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Small Island Nations Push For Action On Climate Change

US President Barack Obama (3rd L) poses with Barbados Prime Minister Freundel Stuart (L), Kiribati President Anote Tong (2nd L), Mashall Islands President Christopher Loeak (3rd R), Papua New Guinea Prime Minister Peter O'Neil (2nd R) and St. Lucia Prime Minister Kenny Anthony (R) during a photo for the small island nations multilateral meeting at the Organization for Economic Co-Operation and Development Centre in Paris, on December 1, 2015.  (Jim Watson/AFP/Getty Images)
US President Barack Obama (3rd L) poses with Barbados Prime Minister Freundel Stuart (L), Kiribati President Anote Tong (2nd L), Mashall Islands President Christopher Loeak (3rd R), Papua New Guinea Prime Minister Peter O'Neil (2nd R) and St. Lucia Prime Minister Kenny Anthony (R) during a photo for the small island nations multilateral meeting at the Organization for Economic Co-Operation and Development Centre in Paris, on December 1, 2015. (Jim Watson/AFP/Getty Images)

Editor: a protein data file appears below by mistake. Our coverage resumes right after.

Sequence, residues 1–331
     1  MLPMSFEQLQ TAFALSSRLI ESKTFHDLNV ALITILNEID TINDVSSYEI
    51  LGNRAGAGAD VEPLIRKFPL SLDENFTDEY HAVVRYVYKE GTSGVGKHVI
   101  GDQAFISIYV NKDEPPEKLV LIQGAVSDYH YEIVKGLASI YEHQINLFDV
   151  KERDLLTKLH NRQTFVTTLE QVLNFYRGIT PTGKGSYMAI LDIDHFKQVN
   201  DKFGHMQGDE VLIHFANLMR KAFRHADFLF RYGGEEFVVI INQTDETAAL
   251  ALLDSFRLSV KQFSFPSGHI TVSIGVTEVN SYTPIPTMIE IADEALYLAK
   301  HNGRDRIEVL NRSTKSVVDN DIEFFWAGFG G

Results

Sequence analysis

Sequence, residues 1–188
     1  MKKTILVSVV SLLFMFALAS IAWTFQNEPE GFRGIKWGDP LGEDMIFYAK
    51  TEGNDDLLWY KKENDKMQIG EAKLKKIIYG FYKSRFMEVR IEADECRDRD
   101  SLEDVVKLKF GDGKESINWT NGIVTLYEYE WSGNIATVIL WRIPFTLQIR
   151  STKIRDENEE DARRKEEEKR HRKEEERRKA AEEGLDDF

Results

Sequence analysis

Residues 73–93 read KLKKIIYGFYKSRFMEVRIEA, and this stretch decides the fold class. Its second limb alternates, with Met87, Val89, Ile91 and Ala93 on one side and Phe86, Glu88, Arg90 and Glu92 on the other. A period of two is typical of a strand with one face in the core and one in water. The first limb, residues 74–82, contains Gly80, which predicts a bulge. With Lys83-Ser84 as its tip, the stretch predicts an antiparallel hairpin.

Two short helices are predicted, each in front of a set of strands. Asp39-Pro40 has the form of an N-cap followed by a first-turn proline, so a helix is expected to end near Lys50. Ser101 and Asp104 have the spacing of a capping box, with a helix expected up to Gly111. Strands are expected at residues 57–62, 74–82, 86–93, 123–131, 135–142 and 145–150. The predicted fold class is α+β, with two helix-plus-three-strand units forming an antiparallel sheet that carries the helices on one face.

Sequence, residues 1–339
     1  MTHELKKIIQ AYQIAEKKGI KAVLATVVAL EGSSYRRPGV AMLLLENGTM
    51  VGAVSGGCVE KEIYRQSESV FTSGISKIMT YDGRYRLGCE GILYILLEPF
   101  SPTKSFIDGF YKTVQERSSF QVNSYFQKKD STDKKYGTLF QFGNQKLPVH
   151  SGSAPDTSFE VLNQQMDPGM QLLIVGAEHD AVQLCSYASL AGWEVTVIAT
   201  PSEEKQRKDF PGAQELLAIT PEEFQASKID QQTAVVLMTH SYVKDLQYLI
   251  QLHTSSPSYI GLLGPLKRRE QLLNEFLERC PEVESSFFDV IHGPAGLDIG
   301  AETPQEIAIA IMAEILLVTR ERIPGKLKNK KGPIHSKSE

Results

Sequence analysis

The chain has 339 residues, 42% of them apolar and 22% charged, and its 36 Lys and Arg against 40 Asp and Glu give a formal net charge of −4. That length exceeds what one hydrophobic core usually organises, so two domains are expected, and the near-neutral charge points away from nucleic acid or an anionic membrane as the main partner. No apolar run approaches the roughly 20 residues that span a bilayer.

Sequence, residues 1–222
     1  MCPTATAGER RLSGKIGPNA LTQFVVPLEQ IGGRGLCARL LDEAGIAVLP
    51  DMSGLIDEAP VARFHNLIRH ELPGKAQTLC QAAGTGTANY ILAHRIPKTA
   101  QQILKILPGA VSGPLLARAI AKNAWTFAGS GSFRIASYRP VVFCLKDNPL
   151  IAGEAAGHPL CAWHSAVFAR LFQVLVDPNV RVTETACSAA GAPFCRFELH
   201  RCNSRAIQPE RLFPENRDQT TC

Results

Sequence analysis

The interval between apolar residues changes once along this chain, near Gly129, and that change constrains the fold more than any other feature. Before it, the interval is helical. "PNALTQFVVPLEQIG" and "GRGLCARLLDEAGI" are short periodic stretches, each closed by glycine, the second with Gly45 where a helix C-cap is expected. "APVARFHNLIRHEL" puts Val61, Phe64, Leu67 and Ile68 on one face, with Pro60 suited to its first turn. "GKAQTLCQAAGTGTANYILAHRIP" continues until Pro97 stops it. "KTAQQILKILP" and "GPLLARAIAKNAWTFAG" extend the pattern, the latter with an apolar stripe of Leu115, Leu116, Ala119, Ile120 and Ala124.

At the Paris climate talks today, President Obama met with leaders of some of the countries with the most to lose – the small island countries. The Bahamas, Tonga, Barbados, Haiti, Antigua and Barbuda are all part of the Alliance of Small Island States.

According to the U.N.’s intergovernmental panel on climate change, some of these islands could be almost completely covered in water by 2100.

The Wall Street Journal’s Jason Bellini is in Paris and speaks with Here & Now‘s Jeremy Hobson about the meeting and how the climate talks are going.

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